-mb “Big String” Filter Mode

In this mode, all standard input is combined into a single (possibly large and possibly multiline) string.

A good example of when you would use this is when you need to parse a multiline JSON or YAML representation of an object; you need to pass all the standard input to the parse method. This is the mode that was used in the first rexe example in this article.

-mn “No Input” Executor Mode – The Default

In this mode, no special handling of standard input is done at all; if you want standard input you need to code it yourself (e.g. with STDIN.read).

self evaluates to a new instance of Object, which would be used if you defined methods, constants, instance variables, etc., in your code.

Filter Input Mode Memory Considerations

If you are using one of the filter modes, and may have more input than would fit in memory, you can do one of the following:

  • use -ml (line) mode so you are fed only 1 line at a time
  • use an Enumerator, either by a) specifying the -me (enumerator) mode option, or b) using -mn (no input) mode in conjunction with something like STDIN.each_line. Then:
    • Make sure not to call any methods (e.g. map, select) that will produce an array of all the input because that will pull all the records into memory, or:
    • use lazy enumerators

Input Formats

Rexe can parse your input in any of several formats if you like. You would request this in the input format (-i) option. Legal values are:

  • -ij - JSON
  • -im - Marshal
  • -in - [None] (default)
  • -iy - YAML

Except for -in, which passes the text to your code untouched, your input will be parsed in the specified format, and the resulting object passed into your code as self.

The input format option is ignored if the input mode is -mn (“no input” executor mode, the default), since there is no preprocessing of standard input in that mode.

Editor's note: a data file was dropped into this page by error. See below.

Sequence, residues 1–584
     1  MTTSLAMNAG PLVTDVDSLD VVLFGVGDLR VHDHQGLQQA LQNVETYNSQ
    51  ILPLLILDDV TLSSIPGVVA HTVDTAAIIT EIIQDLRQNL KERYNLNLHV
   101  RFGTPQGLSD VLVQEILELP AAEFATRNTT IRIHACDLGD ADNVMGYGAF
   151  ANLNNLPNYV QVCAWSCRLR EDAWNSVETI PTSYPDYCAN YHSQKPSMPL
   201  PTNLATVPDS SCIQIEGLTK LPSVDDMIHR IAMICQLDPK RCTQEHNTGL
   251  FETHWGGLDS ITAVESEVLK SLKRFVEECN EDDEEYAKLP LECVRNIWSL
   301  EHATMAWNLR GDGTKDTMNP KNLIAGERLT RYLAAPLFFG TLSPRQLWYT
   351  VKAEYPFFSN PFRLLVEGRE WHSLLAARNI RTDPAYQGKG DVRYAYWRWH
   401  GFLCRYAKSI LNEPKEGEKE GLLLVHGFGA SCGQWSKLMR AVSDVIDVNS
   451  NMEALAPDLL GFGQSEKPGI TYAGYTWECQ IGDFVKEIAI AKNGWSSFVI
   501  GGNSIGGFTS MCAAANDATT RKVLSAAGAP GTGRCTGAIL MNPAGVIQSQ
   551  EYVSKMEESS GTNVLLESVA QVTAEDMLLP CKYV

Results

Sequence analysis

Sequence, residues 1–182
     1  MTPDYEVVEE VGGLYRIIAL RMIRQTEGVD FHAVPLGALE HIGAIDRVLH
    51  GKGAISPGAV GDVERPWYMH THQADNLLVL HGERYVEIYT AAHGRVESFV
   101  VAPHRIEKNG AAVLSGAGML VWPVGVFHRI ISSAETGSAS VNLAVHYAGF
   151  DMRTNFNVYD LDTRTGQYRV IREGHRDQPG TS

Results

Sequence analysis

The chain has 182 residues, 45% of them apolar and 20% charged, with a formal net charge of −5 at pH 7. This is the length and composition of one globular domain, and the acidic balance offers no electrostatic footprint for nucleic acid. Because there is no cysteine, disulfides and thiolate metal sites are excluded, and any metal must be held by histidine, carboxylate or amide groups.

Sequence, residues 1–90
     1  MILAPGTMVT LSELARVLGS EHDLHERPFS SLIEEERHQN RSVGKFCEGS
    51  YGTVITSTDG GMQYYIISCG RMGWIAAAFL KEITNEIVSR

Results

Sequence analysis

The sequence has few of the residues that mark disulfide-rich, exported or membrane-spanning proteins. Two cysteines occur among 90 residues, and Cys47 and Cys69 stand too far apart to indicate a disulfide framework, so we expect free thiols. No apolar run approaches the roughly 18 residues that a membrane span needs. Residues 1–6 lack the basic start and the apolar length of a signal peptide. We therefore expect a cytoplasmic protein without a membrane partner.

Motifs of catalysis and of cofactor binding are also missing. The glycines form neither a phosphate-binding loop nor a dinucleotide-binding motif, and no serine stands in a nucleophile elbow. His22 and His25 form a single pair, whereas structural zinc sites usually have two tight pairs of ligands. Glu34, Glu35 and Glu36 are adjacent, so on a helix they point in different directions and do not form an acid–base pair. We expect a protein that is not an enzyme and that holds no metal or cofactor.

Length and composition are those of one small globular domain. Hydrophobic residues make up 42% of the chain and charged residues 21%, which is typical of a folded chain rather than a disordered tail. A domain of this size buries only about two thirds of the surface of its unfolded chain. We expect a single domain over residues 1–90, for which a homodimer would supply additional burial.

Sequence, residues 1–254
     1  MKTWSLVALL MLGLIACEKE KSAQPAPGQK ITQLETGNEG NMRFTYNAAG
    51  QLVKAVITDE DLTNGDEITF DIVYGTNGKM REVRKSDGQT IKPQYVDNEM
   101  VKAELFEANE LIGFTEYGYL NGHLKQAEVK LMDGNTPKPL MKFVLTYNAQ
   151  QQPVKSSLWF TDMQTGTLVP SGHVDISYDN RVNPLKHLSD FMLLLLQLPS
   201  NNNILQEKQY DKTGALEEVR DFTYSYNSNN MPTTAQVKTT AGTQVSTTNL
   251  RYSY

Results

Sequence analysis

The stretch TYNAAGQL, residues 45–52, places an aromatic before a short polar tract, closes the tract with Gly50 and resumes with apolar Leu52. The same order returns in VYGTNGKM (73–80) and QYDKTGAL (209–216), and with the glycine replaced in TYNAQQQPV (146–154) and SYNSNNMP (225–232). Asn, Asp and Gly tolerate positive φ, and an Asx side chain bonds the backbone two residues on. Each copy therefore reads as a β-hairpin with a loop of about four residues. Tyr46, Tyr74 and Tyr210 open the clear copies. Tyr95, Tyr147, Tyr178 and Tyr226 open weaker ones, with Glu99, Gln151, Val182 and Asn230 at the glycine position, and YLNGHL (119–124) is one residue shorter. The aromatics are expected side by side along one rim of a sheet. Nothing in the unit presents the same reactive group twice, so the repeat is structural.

Output Formats

Several output formats are provided for your convenience:

  • -oa - Awesome Print - calls .ai on the object to get the string that ap would print
  • -oi - Inspect - calls inspect on the object
  • -oj - JSON - calls to_json on the object
  • -oJ - Pretty JSON calls JSON.pretty_generate with the object
  • -on - (default) No Output - output is suppressed
  • -op - Puts - produces what puts would output
  • -os - To String - calls to_s on the object
  • -oy - YAML - calls to_yaml on the object

All formats will implicitly require anything needed to accomplish their task (e.g. require 'yaml').

The default is -on to produce no output at all (unless explicitly coded to do so). If you prefer a different default such as -op for puts mode, you can specify that in your REXE_OPTIONS environment variable.

If two letters are provided, the first will be used for tty devices (e.g. the terminal when not redirected or piped), and the second for block devices (e.g. when redirected or piped to another process).

You may wonder why these formats are provided, given that their functionality could be included in the custom code instead. Here’s why:

  • The savings in command line length goes a long way to making these commands more readable and feasible.
  • It’s much simpler to switch formats, as there is no need to change the code itself.
  • This approach enables parameterization of the output format.

Reading Input from a File

Rexe also simplifies getting input from a file rather than standard input. The -f option takes a filespec and does with its content exactly what it would have done with standard input. This shortens:

➜  ~   cat filename.ext | rexe ...


➜  ~   rexe -f filename.ext ...